Former BBC journalist Martin Bashir has told the Sunday Times he "never wanted to harm" Princess Diana with the interview, adding: "I don't believe we did."

He also said he was "deeply sorry" to her sons but rejected Prince William's claim that he fuelled her paranoia, saying they were close and he "loved" her.

Bashir, who left the BBC without a pay-off earlier this month, said Princess Diana was never unhappy about the content of the interview and said they had remained friends.

"Everything we did in terms of the interview was as she wanted, from when she wanted to alert the palace, to when it was broadcast, to its contents," he told the Sunday Times.

He said he regretted showing Earl Spencer forged bank statements but it "had no bearing on the interview".

Earl Spencer has asked the Metropolitan Police to investigate the BBC.

Earlier this week, the force said it would assess the Dyson report "to ensure there is no significant new evidence", after previously deciding against a criminal investigation.

Asked about this, Ms Patel said she was not "going to prejudge anything" and that the Met "will do what they have to do".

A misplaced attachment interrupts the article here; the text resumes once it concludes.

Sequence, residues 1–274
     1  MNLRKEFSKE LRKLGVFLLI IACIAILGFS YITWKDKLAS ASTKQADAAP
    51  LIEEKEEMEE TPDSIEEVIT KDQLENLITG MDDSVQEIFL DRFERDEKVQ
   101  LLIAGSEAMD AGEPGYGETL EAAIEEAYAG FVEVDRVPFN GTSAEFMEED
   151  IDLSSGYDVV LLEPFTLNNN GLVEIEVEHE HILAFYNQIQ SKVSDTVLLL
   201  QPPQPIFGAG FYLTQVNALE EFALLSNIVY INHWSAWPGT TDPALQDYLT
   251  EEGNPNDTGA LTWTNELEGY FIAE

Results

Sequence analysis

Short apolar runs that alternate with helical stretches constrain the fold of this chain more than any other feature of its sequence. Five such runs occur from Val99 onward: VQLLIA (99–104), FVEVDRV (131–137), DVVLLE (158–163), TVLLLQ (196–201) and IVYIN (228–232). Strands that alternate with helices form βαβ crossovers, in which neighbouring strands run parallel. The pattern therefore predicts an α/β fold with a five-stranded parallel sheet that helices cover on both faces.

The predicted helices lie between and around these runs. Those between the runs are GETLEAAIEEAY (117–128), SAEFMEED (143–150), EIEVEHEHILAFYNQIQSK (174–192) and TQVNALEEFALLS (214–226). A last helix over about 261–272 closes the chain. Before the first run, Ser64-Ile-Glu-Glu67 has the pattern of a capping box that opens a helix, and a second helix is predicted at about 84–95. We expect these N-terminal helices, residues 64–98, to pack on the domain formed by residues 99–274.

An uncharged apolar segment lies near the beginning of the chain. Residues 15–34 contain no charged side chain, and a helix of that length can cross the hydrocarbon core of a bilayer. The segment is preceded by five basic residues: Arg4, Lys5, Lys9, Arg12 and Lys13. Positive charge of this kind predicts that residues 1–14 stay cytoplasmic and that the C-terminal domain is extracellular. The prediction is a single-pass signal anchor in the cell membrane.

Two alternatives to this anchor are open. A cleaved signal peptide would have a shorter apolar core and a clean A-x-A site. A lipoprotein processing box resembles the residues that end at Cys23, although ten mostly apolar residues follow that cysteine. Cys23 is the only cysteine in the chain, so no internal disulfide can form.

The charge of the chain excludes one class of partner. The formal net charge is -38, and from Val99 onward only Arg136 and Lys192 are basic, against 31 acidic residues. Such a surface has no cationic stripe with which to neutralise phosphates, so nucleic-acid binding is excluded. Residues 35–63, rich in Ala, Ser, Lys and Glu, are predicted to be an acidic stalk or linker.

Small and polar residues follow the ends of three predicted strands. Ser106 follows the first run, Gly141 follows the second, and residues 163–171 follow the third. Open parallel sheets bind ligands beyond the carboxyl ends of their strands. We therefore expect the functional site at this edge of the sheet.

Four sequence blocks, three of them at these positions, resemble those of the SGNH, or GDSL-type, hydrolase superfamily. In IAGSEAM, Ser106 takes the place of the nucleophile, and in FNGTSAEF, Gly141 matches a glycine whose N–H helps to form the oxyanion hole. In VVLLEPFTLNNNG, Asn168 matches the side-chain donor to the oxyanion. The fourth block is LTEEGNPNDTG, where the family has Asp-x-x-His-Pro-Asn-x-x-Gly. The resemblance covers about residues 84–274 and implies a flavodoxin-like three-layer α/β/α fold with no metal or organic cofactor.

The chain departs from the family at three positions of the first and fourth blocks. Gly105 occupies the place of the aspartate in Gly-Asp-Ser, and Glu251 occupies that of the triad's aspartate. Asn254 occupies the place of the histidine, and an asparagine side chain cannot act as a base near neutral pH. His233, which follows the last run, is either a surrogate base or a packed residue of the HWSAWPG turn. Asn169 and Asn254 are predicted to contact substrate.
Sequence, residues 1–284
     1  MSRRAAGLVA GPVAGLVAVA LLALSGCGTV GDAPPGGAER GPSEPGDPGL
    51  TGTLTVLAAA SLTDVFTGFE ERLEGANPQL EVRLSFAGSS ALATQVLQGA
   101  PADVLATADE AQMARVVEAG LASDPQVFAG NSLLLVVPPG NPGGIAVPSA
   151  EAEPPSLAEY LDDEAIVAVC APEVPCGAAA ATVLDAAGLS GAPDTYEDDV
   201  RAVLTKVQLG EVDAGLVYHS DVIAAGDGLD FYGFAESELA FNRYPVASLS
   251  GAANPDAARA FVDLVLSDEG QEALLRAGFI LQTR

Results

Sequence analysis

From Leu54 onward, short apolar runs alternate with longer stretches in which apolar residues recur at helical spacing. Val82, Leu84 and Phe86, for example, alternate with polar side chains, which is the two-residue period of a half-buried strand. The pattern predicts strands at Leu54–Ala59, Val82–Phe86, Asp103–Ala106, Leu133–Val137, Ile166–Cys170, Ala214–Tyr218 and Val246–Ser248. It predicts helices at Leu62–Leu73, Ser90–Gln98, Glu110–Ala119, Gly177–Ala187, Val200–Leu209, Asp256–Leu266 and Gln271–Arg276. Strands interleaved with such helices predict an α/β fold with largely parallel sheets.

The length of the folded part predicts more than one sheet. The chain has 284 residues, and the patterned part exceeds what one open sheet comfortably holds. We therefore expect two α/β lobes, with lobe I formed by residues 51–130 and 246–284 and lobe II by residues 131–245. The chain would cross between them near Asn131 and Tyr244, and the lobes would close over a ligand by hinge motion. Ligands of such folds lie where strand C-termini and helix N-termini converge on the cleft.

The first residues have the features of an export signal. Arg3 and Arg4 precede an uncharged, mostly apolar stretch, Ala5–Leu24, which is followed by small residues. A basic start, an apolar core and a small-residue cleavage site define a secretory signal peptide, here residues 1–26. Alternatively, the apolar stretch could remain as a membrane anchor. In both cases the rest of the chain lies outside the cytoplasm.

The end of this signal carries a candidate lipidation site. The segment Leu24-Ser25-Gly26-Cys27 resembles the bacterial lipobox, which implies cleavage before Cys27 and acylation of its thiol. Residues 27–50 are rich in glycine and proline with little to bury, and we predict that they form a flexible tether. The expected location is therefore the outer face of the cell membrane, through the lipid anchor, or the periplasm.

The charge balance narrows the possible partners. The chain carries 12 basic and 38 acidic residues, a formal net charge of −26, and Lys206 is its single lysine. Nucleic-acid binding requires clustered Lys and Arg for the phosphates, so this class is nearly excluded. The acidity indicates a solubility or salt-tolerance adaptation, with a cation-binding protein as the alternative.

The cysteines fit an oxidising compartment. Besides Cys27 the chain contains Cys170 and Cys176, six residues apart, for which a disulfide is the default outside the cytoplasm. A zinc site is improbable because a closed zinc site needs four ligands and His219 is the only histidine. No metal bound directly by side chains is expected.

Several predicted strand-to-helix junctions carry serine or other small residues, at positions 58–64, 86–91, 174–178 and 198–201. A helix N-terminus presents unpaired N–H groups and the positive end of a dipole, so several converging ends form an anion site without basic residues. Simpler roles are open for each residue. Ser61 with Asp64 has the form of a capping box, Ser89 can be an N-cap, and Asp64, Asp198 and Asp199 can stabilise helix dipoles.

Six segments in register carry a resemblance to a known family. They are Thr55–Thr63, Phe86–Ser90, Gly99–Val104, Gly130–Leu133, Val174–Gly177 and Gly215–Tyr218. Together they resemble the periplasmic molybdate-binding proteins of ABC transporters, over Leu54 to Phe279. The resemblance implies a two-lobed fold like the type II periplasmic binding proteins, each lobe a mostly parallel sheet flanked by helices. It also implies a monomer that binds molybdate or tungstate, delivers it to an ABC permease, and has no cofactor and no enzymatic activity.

Broadcaster Esther Rantzen, who did charity work alongside Diana, told Andrew Marr others needed to ask questions following the report, including Lord Birt.

He was director general at the time of the Panorama interview and, Ms Rantzen noted, "the checks and balances" he was brought in to the corporation for "don't seem to have been used to protect the BBC".

She said she hoped the matter would blow over for the organisation, adding: "The Princess of Wales said what she wanted to say, to a very wide audience who then understood a great deal more about her suffering and, in the end, why she left the Royal Family."

Ms Rantzen said the BBC "needs to continue to report fairly, unsensationally, and keep a cool head - even when the brickbats are flying - because the BBC is much bigger than this."


Princess Diana was failed not just by Martin Bashir but by leaders at the BBC, says Prince William